The 2016 Vermont maple syrup value of production totaled $59.7 million, up 28 percent from the previous season and a new record high, according to Gary Keough, State Statistician of the USDA’s National Agricultural Statistics Service, New England Field Office.
The 2017 Vermont maple syrup production totaled, 1.98 million gallons, second highest production on record. The number of taps is estimated at 5.41 million. This is up 12 percent from the 2016 total and the largest number of taps since 1935. Yield per tap is estimated to be 0.366 gallon, down 11 percent from the previous season. The 2016 Vermont average price per gallon was $30.00, down $3.00 from 2015. The value of production and average price per gallon of the 2017 production will be available in June 2018.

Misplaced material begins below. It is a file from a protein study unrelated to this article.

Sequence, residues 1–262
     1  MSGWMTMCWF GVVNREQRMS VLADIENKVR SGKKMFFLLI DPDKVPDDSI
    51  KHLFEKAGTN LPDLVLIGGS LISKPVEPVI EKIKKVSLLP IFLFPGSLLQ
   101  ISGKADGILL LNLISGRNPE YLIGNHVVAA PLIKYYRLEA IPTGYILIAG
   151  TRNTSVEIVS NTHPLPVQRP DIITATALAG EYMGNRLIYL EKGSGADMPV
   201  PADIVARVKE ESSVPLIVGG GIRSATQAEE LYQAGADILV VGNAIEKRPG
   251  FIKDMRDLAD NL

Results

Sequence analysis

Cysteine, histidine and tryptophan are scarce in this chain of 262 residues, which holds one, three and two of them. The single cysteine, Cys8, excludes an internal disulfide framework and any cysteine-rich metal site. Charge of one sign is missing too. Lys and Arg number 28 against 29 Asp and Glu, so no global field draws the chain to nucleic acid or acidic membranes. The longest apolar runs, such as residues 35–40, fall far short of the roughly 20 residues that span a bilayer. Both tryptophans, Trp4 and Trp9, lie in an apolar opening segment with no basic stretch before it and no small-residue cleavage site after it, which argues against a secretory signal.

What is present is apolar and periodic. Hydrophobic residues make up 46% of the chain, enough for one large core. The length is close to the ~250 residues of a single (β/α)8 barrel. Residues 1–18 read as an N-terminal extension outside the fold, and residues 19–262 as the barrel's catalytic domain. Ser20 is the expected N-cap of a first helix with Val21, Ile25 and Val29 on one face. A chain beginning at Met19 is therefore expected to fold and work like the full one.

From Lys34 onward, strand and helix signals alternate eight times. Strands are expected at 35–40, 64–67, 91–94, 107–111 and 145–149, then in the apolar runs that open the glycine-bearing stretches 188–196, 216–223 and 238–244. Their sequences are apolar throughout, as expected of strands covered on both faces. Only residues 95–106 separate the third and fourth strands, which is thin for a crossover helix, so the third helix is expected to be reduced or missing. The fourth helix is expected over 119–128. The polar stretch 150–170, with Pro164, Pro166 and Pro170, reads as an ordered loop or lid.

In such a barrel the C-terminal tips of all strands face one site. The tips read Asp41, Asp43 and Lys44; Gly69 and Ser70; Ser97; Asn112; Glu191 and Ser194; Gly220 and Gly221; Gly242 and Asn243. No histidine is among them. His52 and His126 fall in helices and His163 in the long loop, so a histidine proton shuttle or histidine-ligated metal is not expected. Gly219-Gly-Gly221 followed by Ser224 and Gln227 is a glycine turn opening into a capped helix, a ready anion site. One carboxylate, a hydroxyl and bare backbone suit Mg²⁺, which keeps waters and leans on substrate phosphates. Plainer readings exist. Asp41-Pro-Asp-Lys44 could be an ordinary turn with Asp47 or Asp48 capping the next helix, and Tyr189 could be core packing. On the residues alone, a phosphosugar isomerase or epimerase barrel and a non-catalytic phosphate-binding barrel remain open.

Producers were encouraged to tap earlier this season by the warmer than normal temperatures. The earliest sap flow reported was January 1 in Vermont. On average, the season lasted 46 days, compared with 44 days in 2016.
Vermont’s Ag Secretary, Anson Tebbetts adds “Vermont’s Sugar Makers work hard to make the sweetest natural sugar in the world. We thank the public for including Vermont maple in their morning coffee, pancakes and fresh fruit. Love their support.”
Vermont has led the US in the number of maple taps every year since 1916 and was only outproduced in 1926 and 1918. Vermont typically tapped between 5.5 and 6 million trees prior to 1935 but declined to around 1.5 million in the 1960’s. In 2003 Vermont tapped 2.12 million trees and has been steadly increasing that number to the 5.41 million in 2017. Annual production prior to 1935 was typically between 1 million and 1.4 million gallons. This dropped to around 200,000 to 300,000 gallons in the 1970’s. Since 2003 Vermont’s maple syrup production has increased from around 500,000 gallons to almost 2 million gallons.